as usual, i mostly agree w/ Deadweight. Jalopnik was good, oh, 5 yrs ago, so i found and jumped to TTAC. but it has been getting a bit thinner and softer recently.

            Please continue to work toward two steps forward, one back and not that opposite.

      • 0 avatar
        VolandoBajo

        @Deadweight I second your idea and your list of examples. Might want to add in a bit of Bark M., and I enjoy a fair percentage of Sajeev’s stuff, as well. Sort of like TTAC’s answer to Car Talk trying to figure out real world problems on real world cars.

  • avatar
    dwford

    Is anyone else noticing how Toyota is starting to do lazy rebadge jobs of other automakers cars to sell as their own, and doing slipshod restyles of their old cars and passing them off as new? Just like GM used to do..

    • 0 avatar
      Steven Lang

      dwford, excellent critique! The compact crossover segment is going to grow from 3 vehicles to 11 within the next two years and Toyota’s decision to not pursue their own unique blueprint will likely hurt them in the times to come.

      Case in point. The Honda HR-V is an absolute home run for Honda right now. They estimated their production to be only around 70,000 units. Now they’re looking at it possibly topping 100k units if they can meet demand for this year.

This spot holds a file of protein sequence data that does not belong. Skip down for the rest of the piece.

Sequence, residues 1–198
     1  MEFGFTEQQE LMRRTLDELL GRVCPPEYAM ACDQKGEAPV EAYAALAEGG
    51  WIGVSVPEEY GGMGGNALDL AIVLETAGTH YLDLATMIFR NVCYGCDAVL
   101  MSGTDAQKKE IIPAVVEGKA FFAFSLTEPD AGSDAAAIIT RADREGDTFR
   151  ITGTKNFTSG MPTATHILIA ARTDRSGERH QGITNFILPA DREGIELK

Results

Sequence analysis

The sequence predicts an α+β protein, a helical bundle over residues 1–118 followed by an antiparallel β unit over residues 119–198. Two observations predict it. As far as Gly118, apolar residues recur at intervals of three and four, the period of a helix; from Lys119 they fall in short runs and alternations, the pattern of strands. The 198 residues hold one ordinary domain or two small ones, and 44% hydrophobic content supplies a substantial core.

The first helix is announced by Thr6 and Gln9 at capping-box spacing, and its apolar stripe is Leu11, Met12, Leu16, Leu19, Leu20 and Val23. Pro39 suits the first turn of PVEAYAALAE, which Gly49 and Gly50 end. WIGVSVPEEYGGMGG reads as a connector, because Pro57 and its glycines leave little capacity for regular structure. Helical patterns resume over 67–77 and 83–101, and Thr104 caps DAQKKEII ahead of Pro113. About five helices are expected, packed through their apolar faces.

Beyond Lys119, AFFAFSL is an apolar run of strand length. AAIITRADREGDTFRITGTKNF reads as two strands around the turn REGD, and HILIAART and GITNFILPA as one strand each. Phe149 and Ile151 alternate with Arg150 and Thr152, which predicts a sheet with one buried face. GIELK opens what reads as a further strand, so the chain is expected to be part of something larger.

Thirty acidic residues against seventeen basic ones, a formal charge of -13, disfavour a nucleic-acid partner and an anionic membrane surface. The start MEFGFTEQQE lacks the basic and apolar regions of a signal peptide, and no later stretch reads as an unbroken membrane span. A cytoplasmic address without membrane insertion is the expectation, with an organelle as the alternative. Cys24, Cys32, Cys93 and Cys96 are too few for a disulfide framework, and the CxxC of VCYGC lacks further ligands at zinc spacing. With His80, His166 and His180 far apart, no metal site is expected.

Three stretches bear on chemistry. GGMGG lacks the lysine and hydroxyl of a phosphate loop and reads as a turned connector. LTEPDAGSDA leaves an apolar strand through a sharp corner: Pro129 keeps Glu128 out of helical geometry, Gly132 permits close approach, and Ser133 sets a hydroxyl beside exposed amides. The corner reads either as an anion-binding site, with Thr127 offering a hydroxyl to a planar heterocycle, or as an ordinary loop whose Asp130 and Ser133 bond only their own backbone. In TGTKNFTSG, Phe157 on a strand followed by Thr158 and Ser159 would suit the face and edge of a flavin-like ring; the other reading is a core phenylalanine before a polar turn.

They decided two years ago not farm it out or do the all usual cost cutting joint venture that Toyota has historically done with their compact segments. Toyota was looking at the numbers, Honda, in my opinion, was looking at the importance of brand identity and the changing demographics of the American consumer.

      The result? No other vehicle is quite like the HR-V (for now), and Honda has the beginnings of what may very well be the most popular vehicle in the fastest growing market segment.

      I seriously doubt Toyota will have the same level of marketplace success with the Scion iM as Honda will now have with the HR-V.

      • 0 avatar
        RideHeight

        But Toyota’s so-far failure to engineer their own compact CUV is of a different caliber than their simply disdaining to waste resources on an insignificant toy like a 2-seater sports car. The compact CUV market matters, as you say.

        Honda isn’t trying to build their own Miata either, are they?

        • 0 avatar
          VoGo

          Great point, SL,

          The sad thing is that Toyota in a way pioneered this segment with the Matrix. But they didn’t update it and let it die on the vine.

          • 0 avatar
            JohnTaurus_3.0_AX4N

            I disagree about the Matrix. It was just a stylish (?) Corolla wagon (which allowed Toyota to combine its sales with the Corolla to artificially inflate Corollas sales figures).